Igorot (ɪgəˈrot) is the name for a Cordillera region people on the island Luzon in the Philippines. They are considered a typical primitive mountain agriculturist group. There is speculation of whether or not this dark brown colored people were descendants from Chinese or Japanese, but no theory has been proven. “The Igorot form two subgroups: the larger group lives in the south, central and western areas, and is very adept at rice-terrace farming; the smaller group lives in the east and north. Igorot groups formerly practiced headhunting.” (Wiki)

Igorot is translated as “mountaineer transporting agricultural products,” by some language translations, and simply “mountain people,” by other Luzon translations. Regardless of the true definition they did especially carry rice or camote on the head or shoulders frequently. Albert Ernest Jenks, who lived with the Bontac Igorot, said “(Igorot) man would be a savage if it were not that his geographic location compelled him to become an agriculturalist, necessity drove him to this art of peace.” He went on to say that albeit primitive, this group of people are extremely industrious. Yet Jenks painted a bland colored picture of the Igorot, depicting a casual life among the Igorot to include a monogamous marriage, a democratic society, a primitive society, and a people without drunkards, gamblers, slaves, nor sportsmen. “He is not very inventive and seems to have little imagination, his chief recreation – certainly his most-enjoyed and highly prized recreation – is head-hunting.”

Religion is based on the most primitive religion known, animism or spirit belief, but most Igorot grasp the concept of one God. Baskets are kept inside the hut-homes to store food and personal belongings. Sigiat, or circumcision, is done between the ages of 4-7, because traditionally believed if the foreskin is not cut it will continuously grow like the camote vine. Girls and boys never play together while growing up. Marriage can be arranged by parents, or at least must be blessed by parents of both the woman and man. Marriage is often the result of pregnancy as well. Divorce is unheard of, if a child is shared between the parents. One year must pass for a widower to remarry. The most common cause of death for the Igorot is fever. Epidemics are unheard of.

The rice terraces are perhaps the most well known Igorot creation, “Ancestors are the creators of the awe-inspiring rice terraces often called the eighth wonder of the world.” (Aenet)

”The Cordillera region of Northern Philippines is the ancestral domain of the Igorots. It is comprised of the six provinces of Abra, Apayao, Benguet, Ifugao, Kalinga, and Mountain Province, plus the lone city of Baguio. The Igorots are grouped into six ethno-linguistic groups, the Bontoc, Ibaloi, Ifugao, Isneg (or Apayao), Kalinga, and the Kankana-ey.” (Sagada)

Dance and food are a great identification of any culture in the world, the Igorot are no exception. From self expression, to rituals and ceremonies, dance is their self-edification. Original Igorot dances were to appease ancestors and Gods, to cure ailments, to secure victory in war, ward off bad luck, insure bountiful harvests, favorable weather, and mark milestones in the cycle of life.

    Igorot Dances:
  • Apayao (ah-pah-YAHW) Courtship Dance
    • Couple raises arms like a bird soaring through the sky.
  • Banga (bahng-AH)
    • Maidens marriage prep, done by fetching water from the river.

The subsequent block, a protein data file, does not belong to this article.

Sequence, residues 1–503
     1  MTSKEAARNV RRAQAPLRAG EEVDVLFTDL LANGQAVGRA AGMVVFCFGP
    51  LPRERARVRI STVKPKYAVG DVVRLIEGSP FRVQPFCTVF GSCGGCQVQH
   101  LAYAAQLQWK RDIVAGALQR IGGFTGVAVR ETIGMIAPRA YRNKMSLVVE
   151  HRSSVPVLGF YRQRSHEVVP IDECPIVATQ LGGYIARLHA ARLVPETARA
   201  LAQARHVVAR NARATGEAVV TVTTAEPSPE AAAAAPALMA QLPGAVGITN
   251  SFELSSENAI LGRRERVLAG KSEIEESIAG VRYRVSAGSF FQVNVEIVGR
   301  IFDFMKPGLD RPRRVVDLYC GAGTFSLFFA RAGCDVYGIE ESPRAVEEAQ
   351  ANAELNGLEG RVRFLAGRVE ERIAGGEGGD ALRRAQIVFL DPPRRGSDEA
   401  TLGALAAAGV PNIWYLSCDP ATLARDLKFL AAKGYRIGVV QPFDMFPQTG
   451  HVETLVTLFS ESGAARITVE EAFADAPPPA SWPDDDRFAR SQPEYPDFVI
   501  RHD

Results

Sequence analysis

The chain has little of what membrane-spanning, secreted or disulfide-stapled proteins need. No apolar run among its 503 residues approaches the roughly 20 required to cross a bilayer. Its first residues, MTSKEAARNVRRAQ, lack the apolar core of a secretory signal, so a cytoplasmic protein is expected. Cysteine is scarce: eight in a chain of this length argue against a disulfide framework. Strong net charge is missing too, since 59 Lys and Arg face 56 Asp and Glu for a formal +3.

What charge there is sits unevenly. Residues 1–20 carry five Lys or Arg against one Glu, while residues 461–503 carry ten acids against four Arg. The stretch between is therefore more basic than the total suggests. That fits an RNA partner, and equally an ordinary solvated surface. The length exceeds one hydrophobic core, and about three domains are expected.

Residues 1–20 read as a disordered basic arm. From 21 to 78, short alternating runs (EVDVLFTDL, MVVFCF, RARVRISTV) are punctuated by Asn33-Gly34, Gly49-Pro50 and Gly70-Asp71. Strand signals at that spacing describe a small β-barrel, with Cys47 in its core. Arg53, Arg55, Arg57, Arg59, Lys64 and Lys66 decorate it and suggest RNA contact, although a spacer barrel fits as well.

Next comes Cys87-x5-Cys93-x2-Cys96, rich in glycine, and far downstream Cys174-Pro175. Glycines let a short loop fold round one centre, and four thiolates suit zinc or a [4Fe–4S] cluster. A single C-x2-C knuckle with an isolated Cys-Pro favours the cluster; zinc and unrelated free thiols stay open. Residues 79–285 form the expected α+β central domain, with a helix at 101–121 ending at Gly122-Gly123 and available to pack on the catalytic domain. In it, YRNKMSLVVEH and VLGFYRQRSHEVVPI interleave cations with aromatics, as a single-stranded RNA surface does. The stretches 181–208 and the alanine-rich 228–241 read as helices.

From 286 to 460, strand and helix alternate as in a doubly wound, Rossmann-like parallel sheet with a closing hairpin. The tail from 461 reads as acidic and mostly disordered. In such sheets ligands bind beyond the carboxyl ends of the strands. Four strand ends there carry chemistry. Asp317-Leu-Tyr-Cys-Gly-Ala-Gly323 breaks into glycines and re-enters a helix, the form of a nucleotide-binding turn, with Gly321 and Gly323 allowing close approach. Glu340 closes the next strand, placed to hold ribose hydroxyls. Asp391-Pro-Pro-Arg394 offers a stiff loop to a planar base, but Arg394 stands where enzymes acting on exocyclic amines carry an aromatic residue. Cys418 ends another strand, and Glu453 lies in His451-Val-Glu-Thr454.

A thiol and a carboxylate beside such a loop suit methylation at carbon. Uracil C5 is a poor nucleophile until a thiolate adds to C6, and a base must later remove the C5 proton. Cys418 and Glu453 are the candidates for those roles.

• Bindian (BIHN-deeh-ahn)
    • Victory dance, basic step includes stamp by left foot and a light movement by the right.
  • Bontoc War Dance or Pattong
    • This dance dates back to the headhunting era, a war prep. Lots of improv between two warrior groups.
  • Bumayah (booh-mah-YAH)
    • Thanksgiving festival, movements depict rooster stractchingat the ground, Ifugao tribe.
  • Dinuyya (dih-NOOH-yah)
    • Major feast dance done by lfugao, three gongs are used.
  • Lepanto (leh-PAHN-toh) Festival Dance
    • Well wishing, ie wedding celebration, Performed by the Kankana-ey of northern Benguet and the people of Western Bontoc.
  • Kayaw (kah-YAHW)
    • Head hunting dance.
  • Lumagen (looh-MAH-gehn)
    • Kalinga festival dance to celebrate Thanksgiving.
  • Manerwap (MAH-nehr-wahp)
    • Rain dance on top of sacred mountains.
  • Manmanok (mahn-mah-NOHK)
    • Three men vie for a lady’s hand in marriage, colorful blankets are used.
  • Palakis (pah-LAH-keehs)
    • Courtship dance, free-form interaction between male and female. Dancers hold a colorful piece of cloth and flirt.
  • Ragragsakan (rahg-rahg-SAH-kahn)
    • Kalinga women gather and prepare for a budong or peace pact.
  • Sakpaya (sahk-pah-YAH)
    • Bird dance in times of rice field creations.
  • Salip (SAH-lihp)
    • Warrior claims bride by presenting her with a matrimonial blanket, women responds by balancing several clay pots upon her head. Woman follows man’s movements to reverence obedience.
  • Takik (TAH-kihk)
    • Bontac tribe, flirtatious dance or courtship dance. Has more than two though, with a single-file line sometimes circling the couple.

The Igorot are famous for their rice fields on top of high mountains. They make a rice wine, called Tapey. They also have a famous salted pork, Innasin/Etag. Kinal-oy is a rice dish that was served for the rich when a needed spice, bobo, was rare. Pinikpikan is a fowl dish, and what surprises me is the bird is cooked with its feathers on. Among other interesting foods include, Cinafa’y Fanias, a roast monitor lizard, cinafa’y feclat, a roast snake, and Kindilo’y Makan, a weet potato rice mix.


For Igorot news, join this mailing list, Bibaknets@onelist.com

Log in or register to write something here or to contact authors.